Wednesday, July 27, 2005

Bread, cake and the rulers of the land

When I last spoke to Dr Krishna Bir Chowdhary (chairman of the Bhartiya Krishak Samaj), he'd said one of those things I will not easily forget. He said, "The only currency this country recognizes is 'roti'."

Roti - our geography, our language, our politics, our currency.

Bread. Roti...

And we all know what happens when the people have no bread, and the rulers of the land talk about having cake... Heads roll; that's what happens.
When you talk of building another Shanghai before your citizens have even a tin shed roof above their heads, when you dismiss thousands of workers in your factories, when you build malls on land where mills gave people a livelihood... then cars are burnt down, Chief Ministers are bombed, policemen are confronted...
a lot happens when that do-waqt-ki-roti is at stake.

The lawmakers of this land would do well to do a rethink about laws that threaten the daily bread of the masses. (The draft Seed Bill 2004, for instance. Have written more on that in an article, which is in the current issue of Frontline, but there's no link to it, yet)

"After all, what is the largest issue in the world today?" Dr Chowdhary had said, "Food security. And India's food security is built on a combination of government procurement of grains and a public distribution system. Both these have been consistently undermined by our leaders and the administration.... people talk of dismantling the PDS. To be like the developed nations. The US gives it's farmers a billion dollars worth of subsidies, every single day! When you can match them with subsidies in excess of USD 365 billion, then you can talk about market forces... besides, what will the farmer sell [what will we buy?] if he cannot sow? The new seed bill will make it impossible for the small and marginal farmer to obtain seeds..."

And I'm wondering - even if I concede that the proposed law, which makes registration of seeds compulsory, has everyone's best interests at heart - how will you ensure that poor, uneducated farmers register traditional varieties? How will you prevent big firms from stealing their varieties? How do you decide who is stealing from whom? How will it help that firms and farmers register seeds? Who will be helped?
And, let's say, the big firms stop producing seed, just because they don't have monopoly rights over a given variety, who would be hurt? Who, but the firms themselves?
For, long before there were firms, there were farmers - standing at the mandi with their laden carts, bartering, sharing knowledge as freely as the non-patented breeze, selling, buying....
firms or not, they will go on doing just that.

Dr Chowdhary also says that we're going to be very badly beaten at the patent game. "We shouldn't put our noses into a game we can't win... I have seen, in my own village in the hills, that poor tribals are made to collect all kinds of herbs and give them to foreigne firms, along with a description of what purpose the herb is used for. The tribals are gievn a few ruppees a day for this, and they don't even know what is going on.... the big firms just take their knowledge, do some lab-work, and slam! There comes your patent!... And how will we research when the tools and infrastructure are denied to us? Even the tools for genetic research will be patented... bahut buri tarah pitne wale hain hum..."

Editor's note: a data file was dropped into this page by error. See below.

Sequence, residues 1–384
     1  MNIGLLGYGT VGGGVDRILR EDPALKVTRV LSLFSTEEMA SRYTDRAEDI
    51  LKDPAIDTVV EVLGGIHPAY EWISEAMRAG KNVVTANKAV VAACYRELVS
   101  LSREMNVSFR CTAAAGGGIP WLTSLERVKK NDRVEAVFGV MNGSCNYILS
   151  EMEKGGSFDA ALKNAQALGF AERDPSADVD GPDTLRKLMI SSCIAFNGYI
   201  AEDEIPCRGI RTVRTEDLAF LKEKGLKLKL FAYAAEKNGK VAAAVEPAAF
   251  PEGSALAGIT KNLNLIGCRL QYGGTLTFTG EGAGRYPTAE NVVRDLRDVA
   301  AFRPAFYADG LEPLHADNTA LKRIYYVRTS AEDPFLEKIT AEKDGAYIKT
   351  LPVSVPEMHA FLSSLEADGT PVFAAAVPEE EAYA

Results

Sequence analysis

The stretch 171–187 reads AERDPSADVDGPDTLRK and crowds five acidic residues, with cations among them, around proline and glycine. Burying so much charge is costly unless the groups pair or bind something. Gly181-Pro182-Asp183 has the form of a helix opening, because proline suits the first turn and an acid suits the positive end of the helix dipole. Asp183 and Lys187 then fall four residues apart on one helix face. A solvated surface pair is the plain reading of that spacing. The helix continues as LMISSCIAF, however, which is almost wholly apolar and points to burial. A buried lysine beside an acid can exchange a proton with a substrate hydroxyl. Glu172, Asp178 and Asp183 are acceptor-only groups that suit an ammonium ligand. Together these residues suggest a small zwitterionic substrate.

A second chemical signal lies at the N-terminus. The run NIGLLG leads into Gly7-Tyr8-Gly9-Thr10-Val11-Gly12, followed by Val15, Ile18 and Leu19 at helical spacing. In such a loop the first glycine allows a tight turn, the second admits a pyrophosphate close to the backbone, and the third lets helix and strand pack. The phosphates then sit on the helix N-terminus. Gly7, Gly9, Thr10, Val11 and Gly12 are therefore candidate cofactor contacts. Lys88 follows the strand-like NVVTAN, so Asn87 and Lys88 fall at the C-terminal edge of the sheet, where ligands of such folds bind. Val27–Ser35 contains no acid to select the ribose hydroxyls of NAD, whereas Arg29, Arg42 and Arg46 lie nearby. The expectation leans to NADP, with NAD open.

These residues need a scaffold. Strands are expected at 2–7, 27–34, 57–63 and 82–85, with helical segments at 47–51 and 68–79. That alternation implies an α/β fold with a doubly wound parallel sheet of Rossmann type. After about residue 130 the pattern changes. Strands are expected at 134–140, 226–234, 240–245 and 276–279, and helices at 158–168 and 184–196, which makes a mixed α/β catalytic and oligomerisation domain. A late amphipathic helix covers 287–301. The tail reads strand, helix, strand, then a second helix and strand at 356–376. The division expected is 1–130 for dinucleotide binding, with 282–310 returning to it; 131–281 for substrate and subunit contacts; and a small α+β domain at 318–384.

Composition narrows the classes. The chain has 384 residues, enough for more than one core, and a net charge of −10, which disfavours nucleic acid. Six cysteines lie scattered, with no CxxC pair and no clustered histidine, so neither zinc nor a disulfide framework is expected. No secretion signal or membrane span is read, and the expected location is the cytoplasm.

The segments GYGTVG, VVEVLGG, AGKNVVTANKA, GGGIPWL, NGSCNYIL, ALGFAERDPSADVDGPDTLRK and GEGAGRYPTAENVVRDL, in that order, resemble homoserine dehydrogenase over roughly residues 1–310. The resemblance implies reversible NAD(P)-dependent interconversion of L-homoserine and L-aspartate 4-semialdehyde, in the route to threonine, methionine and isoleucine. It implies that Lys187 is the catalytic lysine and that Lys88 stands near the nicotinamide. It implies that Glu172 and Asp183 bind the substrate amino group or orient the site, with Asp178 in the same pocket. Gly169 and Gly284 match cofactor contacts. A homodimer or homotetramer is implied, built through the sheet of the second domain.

Controlling seeds, patenting medicinal plants, toying with the dangerous rattle of daily bread denied... the lawmakers of this land need to brush up on their history.

Roti - our geography, our language, our politics, our currency... for we all know what happens when the people have no bread, and the rulers of the land talk about having cake... Heads roll; that's what happens.


livinghigh said...

ummm... perhaps its because our hands are tied by something called de WTO?

Alok said...

the lawmakers of this land need to brush up on their history.

History also teaches us the importance of private property and enforceable property rights which is what the new patent regime acknowledges. I think the problems with seed patents are all tactical and operational and in principle it should be in the interest of all parties involved.

And the french revolution metaphor is so tired and so cliched... We are living in a post-revolutionary age and thank god for that !

karthik said...

interesting article!

Anonymous said...

lovely blog. what do you say we talk about mine?

R. said...

Thanks for this post. It was a reality check.

The Shanghai model is flawed. China is a highly developed country in certain pockets but this has been at a huge human cost. It still does not have any labour laws (one of the reasons why it is an attractive investment destination) dissenting employees are taken care of by the provincial labour office. Not exactly something that we should aim at following. We seem to be doing just that in our own callous way.

Would much appreciate another post elaborating the issues raised on patents.

Annie Zaidi said...

on the seed bill issue, we aren't bound by the WTO, livinghigh...the article also mentions that.
alok, don't delude yourself about us living in a post-revolutionary age. We use a new language to euphemize discontent. Call it a coup (non-military), call it terror, call it separatism, call it civil war - the same situation persists, and the same ideals are being fought for.

Annie Zaidi said...

Deviant, we can talk about anything you like... it's an open space, for the most part.
r, will try and post more about patents later.

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